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More and more people are having twins. From 1980 to 2009, the twin birth rate rose a staggering 76%. Despite the decades-long surge in twin pregnancies, becoming a parent of multiples is still a unique experience that’s difficult to understand unless you’ve been through it.
“Double the fun, double the love.” Current and expectant twin parents hear this all the time. While it’s absolutely true, raising twins still comes with many distinctive challenges right off the bat. Those first days, weeks, and months of twin parenthood are emotionally and physically demanding. However, the toddler stage with twins is argued to be the most difficult.
Parents aren’t the only ones dealing with the challenges of toddlerhood with twins. Twin relationships can be complicated, from the beginning. Imagine having a built-in best friend who you share nearly all belongings, moments, and memories with. It can be a wonderful experience that feels special and full of love and understanding, but it can also be fraught with fighting and competition. All this while experiencing major developmental changes in motor, social, and intellectual skills can be emotionally demanding on your twin toddlers.
Below I’ve broken down some of the challenges both parents and their twins often face during toddlerhood — and how to deal with them. Ultimately, with every challenge comes some opportunity to help your twins develop and become themselves.
Dealing with fights between siblings comes with the territory of having more than one child. Having twins who fight is different because of their similarities — such as shared interests (ever see a “toy tug-of-war?”) and going through the same difficult stages or milestones at the same time (like teething or potty training).
Toddler twins fight, not usually to be defiant, but instead because they are trying to express themselves without the right communication tools or emotional vocabulary needed to do so. This only makes them more frustrated and can result in screaming, hitting, biting, and full-on tantrums. As a parent, you want to prevent violence, but unless it reaches that point, some tactics worth trying are redirecting your twins’ attention, ignoring bad behavior (this strategy is described a bit in this post, and allowing them to work it out themselves with little to no intervention, and keeping your toddlers well-rested and occupied through daily routines.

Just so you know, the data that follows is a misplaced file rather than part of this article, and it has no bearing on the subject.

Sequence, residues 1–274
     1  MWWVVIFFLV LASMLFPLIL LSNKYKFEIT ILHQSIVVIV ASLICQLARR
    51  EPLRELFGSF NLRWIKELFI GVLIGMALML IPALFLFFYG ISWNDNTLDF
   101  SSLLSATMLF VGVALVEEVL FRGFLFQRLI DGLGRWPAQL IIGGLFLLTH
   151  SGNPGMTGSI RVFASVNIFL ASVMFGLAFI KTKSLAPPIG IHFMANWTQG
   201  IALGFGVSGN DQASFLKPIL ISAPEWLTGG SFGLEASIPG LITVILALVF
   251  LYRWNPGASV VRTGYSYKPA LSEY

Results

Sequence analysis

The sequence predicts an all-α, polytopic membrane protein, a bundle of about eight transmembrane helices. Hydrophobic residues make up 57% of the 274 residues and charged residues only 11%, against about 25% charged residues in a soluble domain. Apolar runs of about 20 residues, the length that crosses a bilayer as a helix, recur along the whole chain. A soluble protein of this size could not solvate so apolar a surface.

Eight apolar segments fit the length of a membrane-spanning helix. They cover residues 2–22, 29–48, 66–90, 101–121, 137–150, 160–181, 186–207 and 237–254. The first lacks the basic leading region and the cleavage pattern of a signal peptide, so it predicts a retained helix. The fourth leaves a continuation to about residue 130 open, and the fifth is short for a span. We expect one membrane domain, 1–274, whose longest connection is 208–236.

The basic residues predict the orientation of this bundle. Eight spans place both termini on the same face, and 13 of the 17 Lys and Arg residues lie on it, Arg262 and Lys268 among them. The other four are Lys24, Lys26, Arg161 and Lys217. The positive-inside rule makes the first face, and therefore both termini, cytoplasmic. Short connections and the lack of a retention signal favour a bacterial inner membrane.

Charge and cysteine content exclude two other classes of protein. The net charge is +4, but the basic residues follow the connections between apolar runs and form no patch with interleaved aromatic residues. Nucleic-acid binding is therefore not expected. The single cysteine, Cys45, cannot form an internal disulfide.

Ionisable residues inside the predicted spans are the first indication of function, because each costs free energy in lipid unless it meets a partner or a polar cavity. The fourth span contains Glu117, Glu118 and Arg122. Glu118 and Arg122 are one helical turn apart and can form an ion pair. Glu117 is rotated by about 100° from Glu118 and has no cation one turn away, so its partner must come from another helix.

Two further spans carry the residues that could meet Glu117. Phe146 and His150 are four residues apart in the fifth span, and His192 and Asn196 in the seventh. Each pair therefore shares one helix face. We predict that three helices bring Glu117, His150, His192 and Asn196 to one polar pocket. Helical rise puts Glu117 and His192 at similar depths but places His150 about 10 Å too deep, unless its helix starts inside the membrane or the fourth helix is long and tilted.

People often expect twins to be alike and are surprised to find out that their personalities have more differences than similarities. Twins can be as different as any siblings, they just happen to be born at the same time. Even as toddlers, their personalities lend themselves to establishing a pecking order: dominant vs. submissive.
This can be hard to witness as parents, especially at ages 2-4 when your twins aren’t communicating effectively and one twin continues to get their way, call the shots, and boss their other half around. However, it’s natural for twins to fall into asymmetrical roles that *actually* complement one another and have no bearing on their long term wellbeing.
In fact, you can chalk these roles up to each twin developing characteristics that distinguish them from each other and provide balance in their relationship. Rather than trying to get your more submissive twin to become more aggressive, accept these differences, and recognize that they will serve an important function in your twins’ relationships and development.
Despite differing personalities between twins, identity issues between twins are still apparent and are often brought on by others (i.e., parents, teachers, family friends). Parents tend to worry more about this in elementary school or later when picking sports or deciding if twins will be in the same class. Addressing it during toddlerhood, however, can help to determine whether your twins will identify as “we” or “I” during childhood and later in life.